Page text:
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Windows Server® 2008 TCP/IP Protocols and Services by Joseph Davies

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IPv6 Addressing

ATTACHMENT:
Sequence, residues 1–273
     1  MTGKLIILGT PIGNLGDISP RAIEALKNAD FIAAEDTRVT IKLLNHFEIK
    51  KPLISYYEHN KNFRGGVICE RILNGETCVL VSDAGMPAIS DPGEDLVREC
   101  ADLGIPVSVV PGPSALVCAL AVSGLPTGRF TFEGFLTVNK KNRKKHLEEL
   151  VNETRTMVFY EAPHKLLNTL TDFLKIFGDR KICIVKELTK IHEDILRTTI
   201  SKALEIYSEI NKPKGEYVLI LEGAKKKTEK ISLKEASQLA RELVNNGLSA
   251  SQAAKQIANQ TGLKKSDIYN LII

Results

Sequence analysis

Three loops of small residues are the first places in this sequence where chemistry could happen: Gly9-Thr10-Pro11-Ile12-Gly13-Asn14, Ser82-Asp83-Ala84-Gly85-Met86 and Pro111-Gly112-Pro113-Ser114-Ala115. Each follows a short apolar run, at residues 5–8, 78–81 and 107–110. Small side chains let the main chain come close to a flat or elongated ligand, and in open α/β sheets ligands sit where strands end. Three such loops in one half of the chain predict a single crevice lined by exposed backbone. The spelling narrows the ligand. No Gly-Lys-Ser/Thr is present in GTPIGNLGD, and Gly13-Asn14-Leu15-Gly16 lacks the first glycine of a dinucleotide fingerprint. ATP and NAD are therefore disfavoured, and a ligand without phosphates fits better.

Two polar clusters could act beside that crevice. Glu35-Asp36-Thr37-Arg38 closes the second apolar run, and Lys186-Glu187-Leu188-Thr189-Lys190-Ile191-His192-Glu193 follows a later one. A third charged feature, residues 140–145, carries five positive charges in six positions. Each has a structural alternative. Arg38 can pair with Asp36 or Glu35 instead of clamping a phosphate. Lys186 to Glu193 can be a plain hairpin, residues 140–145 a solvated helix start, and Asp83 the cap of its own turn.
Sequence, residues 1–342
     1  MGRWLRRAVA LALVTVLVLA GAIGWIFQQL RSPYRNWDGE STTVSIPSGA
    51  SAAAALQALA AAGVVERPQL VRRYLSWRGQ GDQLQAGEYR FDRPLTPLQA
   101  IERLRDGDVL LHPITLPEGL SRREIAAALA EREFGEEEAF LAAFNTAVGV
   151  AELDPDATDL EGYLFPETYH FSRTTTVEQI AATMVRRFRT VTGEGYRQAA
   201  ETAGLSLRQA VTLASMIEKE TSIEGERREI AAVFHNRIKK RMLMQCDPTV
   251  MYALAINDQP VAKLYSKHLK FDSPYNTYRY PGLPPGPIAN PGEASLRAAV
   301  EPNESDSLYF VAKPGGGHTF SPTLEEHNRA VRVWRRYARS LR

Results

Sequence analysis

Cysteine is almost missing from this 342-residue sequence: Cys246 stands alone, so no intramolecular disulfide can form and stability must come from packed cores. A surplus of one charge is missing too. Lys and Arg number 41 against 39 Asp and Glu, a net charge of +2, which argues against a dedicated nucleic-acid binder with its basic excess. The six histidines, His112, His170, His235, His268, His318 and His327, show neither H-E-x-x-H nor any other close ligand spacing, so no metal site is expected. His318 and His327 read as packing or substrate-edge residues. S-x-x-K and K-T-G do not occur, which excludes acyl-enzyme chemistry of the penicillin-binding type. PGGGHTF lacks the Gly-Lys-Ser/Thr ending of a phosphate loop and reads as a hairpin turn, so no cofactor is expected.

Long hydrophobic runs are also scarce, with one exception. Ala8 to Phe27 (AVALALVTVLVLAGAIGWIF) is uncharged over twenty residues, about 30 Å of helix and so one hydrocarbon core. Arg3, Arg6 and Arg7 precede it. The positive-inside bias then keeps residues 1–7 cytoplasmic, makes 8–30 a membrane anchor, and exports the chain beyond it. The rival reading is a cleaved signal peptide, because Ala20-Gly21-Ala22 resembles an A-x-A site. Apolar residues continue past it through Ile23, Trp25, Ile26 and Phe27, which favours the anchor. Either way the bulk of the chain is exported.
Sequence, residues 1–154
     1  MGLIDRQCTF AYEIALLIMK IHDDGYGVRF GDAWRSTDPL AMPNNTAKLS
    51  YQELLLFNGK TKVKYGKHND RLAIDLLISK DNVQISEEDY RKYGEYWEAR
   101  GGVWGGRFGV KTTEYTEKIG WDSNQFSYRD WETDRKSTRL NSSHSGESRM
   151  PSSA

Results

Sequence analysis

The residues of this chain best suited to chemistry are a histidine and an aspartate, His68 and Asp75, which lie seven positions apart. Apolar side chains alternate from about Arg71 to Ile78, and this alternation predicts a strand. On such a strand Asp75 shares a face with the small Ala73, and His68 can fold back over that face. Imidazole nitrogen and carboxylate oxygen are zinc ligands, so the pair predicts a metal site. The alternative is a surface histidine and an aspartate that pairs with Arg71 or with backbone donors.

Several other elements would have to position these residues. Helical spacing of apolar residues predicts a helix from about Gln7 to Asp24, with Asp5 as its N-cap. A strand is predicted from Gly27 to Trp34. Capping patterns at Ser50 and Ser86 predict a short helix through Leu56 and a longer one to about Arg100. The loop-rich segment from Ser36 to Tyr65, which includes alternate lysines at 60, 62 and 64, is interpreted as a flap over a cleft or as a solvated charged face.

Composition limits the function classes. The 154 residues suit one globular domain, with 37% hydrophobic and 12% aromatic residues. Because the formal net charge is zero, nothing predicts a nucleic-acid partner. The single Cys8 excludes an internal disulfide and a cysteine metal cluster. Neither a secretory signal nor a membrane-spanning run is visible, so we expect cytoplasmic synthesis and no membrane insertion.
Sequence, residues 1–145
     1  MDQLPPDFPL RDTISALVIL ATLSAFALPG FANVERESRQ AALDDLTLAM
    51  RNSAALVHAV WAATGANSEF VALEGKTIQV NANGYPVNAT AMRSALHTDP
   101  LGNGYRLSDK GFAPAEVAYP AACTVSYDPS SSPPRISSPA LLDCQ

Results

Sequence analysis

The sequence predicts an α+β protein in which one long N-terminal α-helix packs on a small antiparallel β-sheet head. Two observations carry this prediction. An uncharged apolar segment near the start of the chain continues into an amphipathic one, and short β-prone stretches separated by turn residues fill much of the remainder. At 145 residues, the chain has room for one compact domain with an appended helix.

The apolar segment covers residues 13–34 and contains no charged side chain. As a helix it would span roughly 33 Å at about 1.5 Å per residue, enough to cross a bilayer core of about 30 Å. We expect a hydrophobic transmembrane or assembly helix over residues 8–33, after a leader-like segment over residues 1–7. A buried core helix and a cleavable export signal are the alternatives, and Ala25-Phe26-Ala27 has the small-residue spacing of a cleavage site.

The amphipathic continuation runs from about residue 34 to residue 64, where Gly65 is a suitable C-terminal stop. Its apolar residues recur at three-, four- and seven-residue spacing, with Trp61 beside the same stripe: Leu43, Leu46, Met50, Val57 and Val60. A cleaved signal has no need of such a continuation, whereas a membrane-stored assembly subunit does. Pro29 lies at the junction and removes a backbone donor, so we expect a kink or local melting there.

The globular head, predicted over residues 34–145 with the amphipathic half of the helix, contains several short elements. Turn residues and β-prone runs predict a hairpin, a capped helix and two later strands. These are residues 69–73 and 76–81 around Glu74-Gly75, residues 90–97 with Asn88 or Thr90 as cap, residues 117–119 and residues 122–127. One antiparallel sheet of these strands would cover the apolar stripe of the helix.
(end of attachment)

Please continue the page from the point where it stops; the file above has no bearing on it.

The IPv6 address is 128 bits long, creating an address space of almost inconceivable size. With 128 bits you can express more than 3.4 × 1038 combinations. Unlike IPv4 unicast addresses, the structure of an IPv6 unicast address is very simple: The first 64 bits are for a subnet prefix and the last 64 bits are for an interface identifier. Although you can perform variable-length subnetting within the 64 bits of the subnet prefix, the host ID equivalent for IPv6 is always the same size. The 64 bits of subnet prefix provide enough addressing space to enumerate networks from the Internet backbone to the individual subnets within an organization’s site. The 64 bits of interface identifier can be used to map 48-bit media access control ...

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